BOSTON (CBS) - Over the years, Boston sports fans have been blessed with many great athletes to root for. Consider the likes of great Bruins from Bobby Orr to Ray Bourque, immortal Celtics from Bill Russell to Larry Bird, classic Patriots from Ron Burton to Tom Brady, and unforgettable Red Sox from Ted Williams to Tony Conigliaro and, of course, many, many more I don't have time to mention here.
BOSTON (CBS) - Among the many interesting findings of the WBZ-TV, WBZ NewsRadio, UMass Amherst poll this week, there was this: in a series of hypothetical 2018 match ups, Sen. Elizabeth Warren struggles to dismiss some challenges. She beats Lt. Gov. Karyn Polito by four points and former Gov.
BOSTON (CBS) - Who's the most popular politician in Massachusetts? For now, the champ reigns supreme, and according to the WBZ-TV, WBZ NewsRadio, UMass Amherst poll of 700 likely voters, that would be Governor Charlie Baker, who has a strong 63-percent favorable rating, with only 24-percent unfavorable.
BOSTON (CBS) - As we reported Tuesday, the Boston City Council has scheduled a hearing to find answers to a serious problem - goose poop. The Canada geese that flock to local parks and playing fields are actually feathered pooping machines who produce up to three pounds of it every day, turning our recreational areas into unsanitary minefields.
BOSTON (CBS) - There was a nice picture making the rounds the last few days of First Lady Michelle Obama greeting former President George W. Bush at the dedication ceremony for the Smithsonian National Museum of African-American History and Culture. Instead of the usual D.C. handshake or air kiss, Mrs.
BOSTON (CBS) - For more than twenty years, public charter schools have provided an option for Massachusetts families dissatisfied with the conventional public schools. Thousands are on the waiting list to get into them.
BOSTON (CBS) - Most of us are perfectly capable of making up our own minds about what we see in a political debate. But over the years researchers have found that a significant number of voters form their post-debate opinions from what they read, see and hear others saying about it after the fact.
BOSTON (CBS) - It's been 30 years since network censors removed this joke by comedian Sam Kinison from an episode of "Saturday Night Live": "They've taken the pot, there is no more pot. You can't get any more pot. If you give us back the pot, we'll forget the crack."
BOSTON (CBS) - It isn't easy being a student on a politically-correct college campus these days. So many rules to keep track of about what you can and can't - mostly can't - say and do. Take the upcoming Super Bowl of on-campus holidays, Halloween.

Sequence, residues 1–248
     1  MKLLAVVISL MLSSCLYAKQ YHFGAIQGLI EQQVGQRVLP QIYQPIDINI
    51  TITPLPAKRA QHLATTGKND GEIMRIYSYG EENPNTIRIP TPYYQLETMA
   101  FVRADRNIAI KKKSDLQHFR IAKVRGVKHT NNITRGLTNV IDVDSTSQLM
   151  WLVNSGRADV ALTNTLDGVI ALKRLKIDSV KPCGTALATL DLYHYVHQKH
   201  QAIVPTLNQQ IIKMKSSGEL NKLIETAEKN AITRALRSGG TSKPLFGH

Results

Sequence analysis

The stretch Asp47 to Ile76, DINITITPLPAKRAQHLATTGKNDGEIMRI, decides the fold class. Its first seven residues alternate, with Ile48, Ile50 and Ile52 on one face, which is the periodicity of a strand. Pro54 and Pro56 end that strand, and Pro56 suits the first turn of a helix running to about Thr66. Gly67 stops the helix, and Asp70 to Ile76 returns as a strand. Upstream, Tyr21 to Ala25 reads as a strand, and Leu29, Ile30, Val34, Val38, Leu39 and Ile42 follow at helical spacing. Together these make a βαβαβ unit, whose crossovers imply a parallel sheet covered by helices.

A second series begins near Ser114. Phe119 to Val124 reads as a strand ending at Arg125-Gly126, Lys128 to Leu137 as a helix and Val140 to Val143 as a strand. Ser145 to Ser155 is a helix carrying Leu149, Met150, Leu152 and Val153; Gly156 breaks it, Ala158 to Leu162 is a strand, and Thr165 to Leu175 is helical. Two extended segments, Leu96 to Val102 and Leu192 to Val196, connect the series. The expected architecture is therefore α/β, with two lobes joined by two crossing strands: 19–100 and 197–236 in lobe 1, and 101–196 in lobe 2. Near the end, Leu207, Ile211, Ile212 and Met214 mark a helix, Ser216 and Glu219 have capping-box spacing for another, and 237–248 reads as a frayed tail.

BOSTON (CBS) - If I had a buck for every time someone has approached me during this campaign to complain about the poor quality of the major-party nominees, I might be able to afford Red Sox playoff tickets. And my sunny, optimistic personality has always compelled me to reassure folks upset with the choice.
Muck Rack makes it simple to find people, tweets, or articles that mention any name, keyword, company, hashtag etc. We've compiled this guide to help you make the most of your search.
Selecting a term
Start searching tweets, articles from media outlets, articles mentioned in tweets, journalists'
names, titles and bios with some suggested searches:
Companies or Topics (e.g. iPhone, Microsoft)
Phrases (e.g. "cloud computing") — use quotes to keep the terms together
Twitter handles (e.g. @username) — returns those who have mentioned or replied to
Names (e.g. "David Pogue")
Hashtags (e.g. #sxsw, #london2012)
Bio details (e.g. vegan, Olympics, father)
Muck Rack's Advanced Search allows for many boolean operators.
Find results that mention multiple specified terms, use AND or
+. For example, ensure each result contains both Elon Musk and Mark Zuckerberg by
searching Obama AND Romney or Obama + Romney.
Use the operators OR or , to broaden your search when you'd like either of
multiple terms to appear in results. (This is the default behavior of our search when no operators
are used.) For example, search for democrat OR republican to find results that refer to
Democrats and/or Republicans.
Use NOT or - to subtract results from your search. For
example, searching Disney will yield results about the Walt Disney Company as well as Walt Disney
World Resort. To exclude mentions of Disney World, search for Disney -World or Disney
When using one of these operators with a phrase, enclose it in quotation marks. For example, you can
find results about smartphones excluding Apple's iPhone 4S by searching smartphone -"iPhone
Use parentheses to separate multiple
boolean phrases. For example, to find journalists talking about having fun in Disney World or
Disneyland, search for ("disney world" OR disneyland) AND fun.
An asterisk can be used to search for any variation of a root word truncated by the asterisk. For example, searching for admin* will return results for administrator, administration, administer, administered, etc.
A near operator is an AND operator where you can control the distance between the words. You can vary the distance the near operation uses by adding a forward slash and number (between 0-99) such as strawberries NEAR/10 "whipped cream", which means the strawberries must exist within 10 words of "whipped cream".